ECI Opposes Disclosure of Polling Station Voter Turnout Data to Avoid Confusion

Mainstream
23-May-2024
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The Election Commission of India (ECI) informed the Supreme Court on Wednesday that there is no legal obligation to publish final authenticated voter turnout data for all polling stations. The statement was made in response to an application filed by the NGO Association for Democratic Reforms (ADR), which sought the disclosure of such data within 48 hours of polling during the Lok Sabha Elections 2024.

The ECI's affidavit argued that releasing voter turnout data based on Form 17C, which includes votes polled at each polling station, could cause confusion. This confusion arises because Form 17C figures are combined with postal ballot counts. The affidavit explained, "In any electoral contest, the margin of victory may be very close. In such cases, disclosure of Form 17C in the public domain may cause confusion in the minds of the voters with regard to the total votes polled as the latter figure would include the number of votes polled as per Form 17C as well as the votes received through postal ballots. However, such difference may not be easily understood by the voters and may be used by persons with motivated interests to cast aspersion on the whole electoral process ... cause chaos in the election machinery which is already in motion."

The ECI also criticized ADR, accusing the NGO of making baseless allegations to discredit its functioning. The affidavit stated, "There is a consistent malafide campaign/design/efforts to keep on raising suspicion and doubt in every possible manner and by misleading assertions and baseless allegations regarding the conduct of elections by the Election Commission of India ... the design and pattern in play is to spread doubts and damage is done by the time the truth ... comes out."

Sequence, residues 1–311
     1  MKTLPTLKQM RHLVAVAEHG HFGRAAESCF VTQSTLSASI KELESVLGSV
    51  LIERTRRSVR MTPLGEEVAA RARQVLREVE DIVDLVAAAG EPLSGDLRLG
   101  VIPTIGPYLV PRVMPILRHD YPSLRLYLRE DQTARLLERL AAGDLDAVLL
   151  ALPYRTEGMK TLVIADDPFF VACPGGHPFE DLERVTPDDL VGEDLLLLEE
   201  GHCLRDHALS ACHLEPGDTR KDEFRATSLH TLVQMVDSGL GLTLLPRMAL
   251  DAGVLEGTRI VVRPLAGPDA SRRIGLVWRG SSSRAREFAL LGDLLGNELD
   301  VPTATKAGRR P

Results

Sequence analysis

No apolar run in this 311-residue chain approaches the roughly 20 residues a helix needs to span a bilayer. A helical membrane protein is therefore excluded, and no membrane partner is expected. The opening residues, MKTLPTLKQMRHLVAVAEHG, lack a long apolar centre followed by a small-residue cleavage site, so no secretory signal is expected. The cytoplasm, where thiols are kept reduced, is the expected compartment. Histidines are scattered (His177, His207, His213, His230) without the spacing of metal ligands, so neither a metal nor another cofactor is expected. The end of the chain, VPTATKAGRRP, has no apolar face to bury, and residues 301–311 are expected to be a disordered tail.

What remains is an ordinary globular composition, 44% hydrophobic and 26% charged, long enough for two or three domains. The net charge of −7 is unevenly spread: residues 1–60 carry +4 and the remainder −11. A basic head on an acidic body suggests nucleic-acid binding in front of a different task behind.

The ECI contended that ADR is asserting a legal right where none exists, especially during the ongoing Lok Sabha elections. The poll body also referenced the Supreme Court's recent judgment on Electronic Voting Machines (EVMs) to highlight past strictures against ADR, noting the "tenor, language, design of the public messaging including tweets and social media posts made by the petitioner during many stages of hearing of the cases before the Supreme Court."

ADR's application was filed amid controversy over significant discrepancies between initial voter turnout estimates and final figures announced by the ECI for the first two phases of the ongoing Lok Sabha elections. The data published on April 30 showed a 5-6% increase in final voter turnout compared to initial estimates, raising concerns among voters and political parties about the accuracy of the data.

ADR's plea sought directions for the ECI to upload scanned copies of Form 17C Part-I (Account of Votes Recorded) on its website after each polling phase, providing constituency and polling station-wise voter turnout figures in absolute numbers and percentages. Additionally, ADR requested the disclosure of Part-II of Form 17C, which details candidate-wise results after vote counting.

The Supreme Court had earlier asked the ECI to respond to ADR's plea. The next steps in the case will be closely watched as the Court evaluates the need for greater transparency in the electoral process.

Author: Anushka Taraniya 

News Writer, MIT ADT University